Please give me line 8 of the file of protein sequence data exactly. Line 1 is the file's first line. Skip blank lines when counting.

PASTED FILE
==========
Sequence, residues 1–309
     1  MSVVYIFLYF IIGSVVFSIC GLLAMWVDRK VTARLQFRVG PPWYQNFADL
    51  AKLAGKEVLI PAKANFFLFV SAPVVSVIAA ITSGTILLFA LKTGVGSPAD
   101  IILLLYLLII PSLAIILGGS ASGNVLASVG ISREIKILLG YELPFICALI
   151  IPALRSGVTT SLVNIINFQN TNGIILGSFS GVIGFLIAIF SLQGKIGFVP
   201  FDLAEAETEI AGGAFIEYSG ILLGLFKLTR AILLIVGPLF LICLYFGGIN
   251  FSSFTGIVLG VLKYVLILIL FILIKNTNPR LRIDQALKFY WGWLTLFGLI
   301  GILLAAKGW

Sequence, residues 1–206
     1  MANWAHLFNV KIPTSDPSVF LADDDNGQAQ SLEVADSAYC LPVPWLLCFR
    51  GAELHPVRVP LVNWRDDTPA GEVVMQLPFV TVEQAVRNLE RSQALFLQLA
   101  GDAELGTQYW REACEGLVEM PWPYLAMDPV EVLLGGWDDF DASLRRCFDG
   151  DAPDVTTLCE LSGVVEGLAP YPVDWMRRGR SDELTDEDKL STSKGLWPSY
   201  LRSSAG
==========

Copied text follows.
   301  GILLAAKGW